An energy stock that doesn't get obliterated during a commodity downturn, who wouldn't want that? If you are interested, Magellan Midstream Partners (NYSE: MMP) may just be the company for you. It is an energy company that operates a network of pipelines and storage terminals in the U.S. With energy commodities tumbling, it is one of the few energy companies that has seen its stock increase since the beginning of 2014. This is wildly outpacing the Alerian MLP Index, which tracks a consortium of midstream players .
To what should you attribute this performance? To get to the bottom of this, we need to learn a bit more about the business.
Refined products include gasoline, distillates, and aviation fuel. The pipelines also transports liquefied petroleum gas or propane. This segment is the company's crown jewel, and its network of pipelines and terminals cover the majority of the Central and Southeastern U.S.
In 2014, the segment constituted 75% of total revenue and 76% of operating profit. In addition, the operating margins have been fairly stable at around 30%. One of the reasons that margins are so stable is the fact that rates are mostly regulated by the FERC, so you don't see drastic swings in margins from year to year. This is the segment that provides stability to the company throughout the commodity cycle.
Through this segment, the company can access approximately 48% of U.S. refining capacity. This provides Magellan with a broad base of existing and potential customers. According to projections made by the Energy Information Administration, the demand for refined products will also be stable for the next 10 years in the primary market areas served by Magellan's pipeline system.
This segment operates 1,600 miles of crude oil pipelines and terminals concentrated in the southern part of the U.S. It derives revenue from transportation tariffs from shippers and collects storage fees from terminal customers. In general, pipelines in this segment are in high competition with other companies' infrastructure; however, there is usually a steady supply of revenue, as the two major properties serviced by the pipelines, Permian and Eagle Ford, are two of the most prolifically productive properties in the
U.S. Even at today's commodity prices, production did not decline significantly in either region. Moreover, 50% of the volume shipped were subject to long-term take-or-pay agreements in 2014, meaning that the company would get paid even if the contracted volume is not used. Hence, the company is able to secure a predictable source of cash flow from this segment.
This segment has five marine storage terminals along coastal waterways with 25 million barrels of storage capacity in aggregate. In addition to storage, the terminals also provide distribution, blending, inventory management, and additive injection services for refiners. The company currently has contracts that require customers to pay for reserved capacity even when it's not used. While this isn't special to Magellan, the contracts nevertheless act like a cushion for the company when demand is low.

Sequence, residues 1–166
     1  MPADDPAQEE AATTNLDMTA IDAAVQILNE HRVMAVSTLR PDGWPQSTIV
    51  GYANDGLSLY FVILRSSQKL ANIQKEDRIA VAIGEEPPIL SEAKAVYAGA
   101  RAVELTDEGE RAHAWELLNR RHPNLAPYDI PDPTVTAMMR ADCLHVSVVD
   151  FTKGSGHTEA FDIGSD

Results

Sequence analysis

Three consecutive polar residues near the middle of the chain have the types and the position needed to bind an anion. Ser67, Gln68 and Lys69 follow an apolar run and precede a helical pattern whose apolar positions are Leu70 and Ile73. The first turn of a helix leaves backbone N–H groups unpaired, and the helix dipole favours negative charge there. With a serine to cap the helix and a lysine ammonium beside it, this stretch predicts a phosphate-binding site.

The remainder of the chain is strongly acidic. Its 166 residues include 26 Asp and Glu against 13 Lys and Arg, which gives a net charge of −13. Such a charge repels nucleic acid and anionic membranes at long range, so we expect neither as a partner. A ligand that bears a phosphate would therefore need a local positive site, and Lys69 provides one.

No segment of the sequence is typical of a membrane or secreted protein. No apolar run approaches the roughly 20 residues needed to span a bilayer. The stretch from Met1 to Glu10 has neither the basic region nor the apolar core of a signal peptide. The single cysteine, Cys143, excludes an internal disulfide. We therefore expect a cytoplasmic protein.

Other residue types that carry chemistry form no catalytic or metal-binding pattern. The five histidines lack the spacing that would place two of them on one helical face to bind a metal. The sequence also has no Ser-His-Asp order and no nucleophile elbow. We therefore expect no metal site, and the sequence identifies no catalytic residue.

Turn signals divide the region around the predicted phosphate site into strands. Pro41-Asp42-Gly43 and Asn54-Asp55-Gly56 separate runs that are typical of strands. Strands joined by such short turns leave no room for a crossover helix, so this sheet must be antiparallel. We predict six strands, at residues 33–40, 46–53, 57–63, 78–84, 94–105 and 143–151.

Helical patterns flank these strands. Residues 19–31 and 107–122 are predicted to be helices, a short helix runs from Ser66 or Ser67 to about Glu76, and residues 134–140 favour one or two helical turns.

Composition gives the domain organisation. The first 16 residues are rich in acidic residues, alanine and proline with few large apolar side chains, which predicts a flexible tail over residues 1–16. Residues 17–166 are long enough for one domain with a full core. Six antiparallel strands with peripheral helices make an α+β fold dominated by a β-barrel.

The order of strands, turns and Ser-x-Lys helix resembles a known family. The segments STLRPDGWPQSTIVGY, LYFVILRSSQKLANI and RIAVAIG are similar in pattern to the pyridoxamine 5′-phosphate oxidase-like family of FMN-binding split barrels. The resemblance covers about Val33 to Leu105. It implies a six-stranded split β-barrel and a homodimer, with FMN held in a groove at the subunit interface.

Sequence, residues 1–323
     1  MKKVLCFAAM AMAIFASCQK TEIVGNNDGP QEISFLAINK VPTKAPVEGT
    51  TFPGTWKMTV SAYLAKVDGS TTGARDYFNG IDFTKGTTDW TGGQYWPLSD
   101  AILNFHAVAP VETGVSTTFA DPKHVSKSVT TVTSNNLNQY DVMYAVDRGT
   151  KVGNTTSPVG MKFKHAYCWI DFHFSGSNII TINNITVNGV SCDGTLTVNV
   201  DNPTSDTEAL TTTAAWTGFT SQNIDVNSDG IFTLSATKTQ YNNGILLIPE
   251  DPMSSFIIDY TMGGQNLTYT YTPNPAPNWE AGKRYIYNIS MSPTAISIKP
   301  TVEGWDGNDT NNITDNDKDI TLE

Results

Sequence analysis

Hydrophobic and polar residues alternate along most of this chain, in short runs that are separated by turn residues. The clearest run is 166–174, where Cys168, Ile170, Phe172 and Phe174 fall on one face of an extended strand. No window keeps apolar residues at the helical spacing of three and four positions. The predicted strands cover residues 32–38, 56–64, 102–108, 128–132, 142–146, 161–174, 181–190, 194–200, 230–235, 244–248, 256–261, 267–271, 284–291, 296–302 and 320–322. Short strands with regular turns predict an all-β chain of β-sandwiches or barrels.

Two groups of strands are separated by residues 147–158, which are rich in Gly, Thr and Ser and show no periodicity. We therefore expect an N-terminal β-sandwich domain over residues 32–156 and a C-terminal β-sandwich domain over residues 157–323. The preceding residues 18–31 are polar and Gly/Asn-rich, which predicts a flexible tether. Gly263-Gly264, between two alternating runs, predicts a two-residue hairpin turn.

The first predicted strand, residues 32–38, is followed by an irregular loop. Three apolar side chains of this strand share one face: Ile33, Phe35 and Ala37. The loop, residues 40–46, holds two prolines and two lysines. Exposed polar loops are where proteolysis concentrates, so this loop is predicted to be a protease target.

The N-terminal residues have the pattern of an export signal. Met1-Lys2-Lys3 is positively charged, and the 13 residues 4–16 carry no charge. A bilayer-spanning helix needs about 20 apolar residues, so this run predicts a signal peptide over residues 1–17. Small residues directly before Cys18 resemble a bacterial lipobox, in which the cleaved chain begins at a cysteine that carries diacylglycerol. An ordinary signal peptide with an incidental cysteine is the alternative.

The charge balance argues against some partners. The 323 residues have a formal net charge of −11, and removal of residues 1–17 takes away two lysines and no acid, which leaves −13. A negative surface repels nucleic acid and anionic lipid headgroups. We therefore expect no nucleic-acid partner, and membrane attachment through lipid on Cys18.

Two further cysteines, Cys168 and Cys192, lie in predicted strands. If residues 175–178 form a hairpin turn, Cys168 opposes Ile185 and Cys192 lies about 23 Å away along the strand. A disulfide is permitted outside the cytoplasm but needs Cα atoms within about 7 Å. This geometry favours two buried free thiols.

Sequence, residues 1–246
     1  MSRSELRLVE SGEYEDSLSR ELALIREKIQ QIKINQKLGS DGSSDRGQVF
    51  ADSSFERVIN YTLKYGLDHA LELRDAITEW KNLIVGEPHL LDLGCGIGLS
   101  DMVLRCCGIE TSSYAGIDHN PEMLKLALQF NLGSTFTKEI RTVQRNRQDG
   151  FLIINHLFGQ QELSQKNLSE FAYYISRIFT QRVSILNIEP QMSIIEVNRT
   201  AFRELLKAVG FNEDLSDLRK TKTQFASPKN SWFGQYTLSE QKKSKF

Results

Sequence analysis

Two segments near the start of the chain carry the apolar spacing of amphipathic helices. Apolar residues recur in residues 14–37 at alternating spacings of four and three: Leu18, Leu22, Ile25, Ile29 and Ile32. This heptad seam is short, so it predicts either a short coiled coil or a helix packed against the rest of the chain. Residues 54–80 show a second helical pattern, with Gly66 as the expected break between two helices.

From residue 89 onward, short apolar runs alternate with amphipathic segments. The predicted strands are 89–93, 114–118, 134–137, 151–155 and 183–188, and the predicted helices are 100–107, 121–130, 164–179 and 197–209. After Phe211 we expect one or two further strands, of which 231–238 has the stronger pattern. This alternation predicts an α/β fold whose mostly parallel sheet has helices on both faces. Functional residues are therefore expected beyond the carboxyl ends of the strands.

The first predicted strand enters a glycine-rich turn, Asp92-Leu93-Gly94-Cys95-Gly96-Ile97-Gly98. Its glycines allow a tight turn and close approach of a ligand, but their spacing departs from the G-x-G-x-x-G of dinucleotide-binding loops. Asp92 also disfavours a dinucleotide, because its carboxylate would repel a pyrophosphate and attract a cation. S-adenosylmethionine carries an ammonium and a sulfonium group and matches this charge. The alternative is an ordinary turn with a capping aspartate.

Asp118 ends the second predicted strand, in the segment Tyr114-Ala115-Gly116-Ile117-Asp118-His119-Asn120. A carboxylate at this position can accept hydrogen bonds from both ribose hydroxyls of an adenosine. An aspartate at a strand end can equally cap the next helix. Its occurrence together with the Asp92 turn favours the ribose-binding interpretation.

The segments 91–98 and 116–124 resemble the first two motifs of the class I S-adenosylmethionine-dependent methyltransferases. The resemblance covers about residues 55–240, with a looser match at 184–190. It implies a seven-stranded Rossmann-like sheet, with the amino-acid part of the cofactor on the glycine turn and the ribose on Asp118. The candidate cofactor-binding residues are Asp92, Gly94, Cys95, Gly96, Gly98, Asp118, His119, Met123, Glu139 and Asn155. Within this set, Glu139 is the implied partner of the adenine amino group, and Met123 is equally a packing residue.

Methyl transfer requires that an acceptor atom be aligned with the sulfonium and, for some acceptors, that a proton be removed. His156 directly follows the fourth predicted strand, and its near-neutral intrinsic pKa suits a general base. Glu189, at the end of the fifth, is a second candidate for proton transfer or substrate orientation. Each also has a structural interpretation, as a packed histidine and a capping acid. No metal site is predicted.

However, competition is heating up. For example, management stated that a significant amount of capacity has already been constructed by other companies near its Wilmington, Delaware facility. So while operating margins have been steady at 35%, this segment may not be as profitable in the future when the time comes to renegotiate, as contracts are set to expire in two and half years.
A Foolish conclusion
Magellan is able to withstand the volatility in the commodity markets because its services will always be needed regardless of commodity prices. While prices will fluctuate, the profitability of the company is largely dependent on the volume demand for the underlying commodities. With refined products still serving as the major source of energy for consumers for the foreseeable future, Magellan is able to capitalize with its extensive network of refined products pipelines reaching much of the U.S.
Perhaps a better question is why the stock hasn't gone up higher. The stock certainly isn't cheap. It is currently trading at roughly 20 times P/E, in line with the average S&P 500 company. While you are unlikely to see a collapse in revenue as would be the case with many other energy companies, growth opportunity for the crude segment is muted in the near future as producers struggle to stay afloat. Ultimately, the attractiveness of the entire energy industry is dependent on commodity prices, but Magellan Midstream Partners will provide you with a peace of mind through the troughs.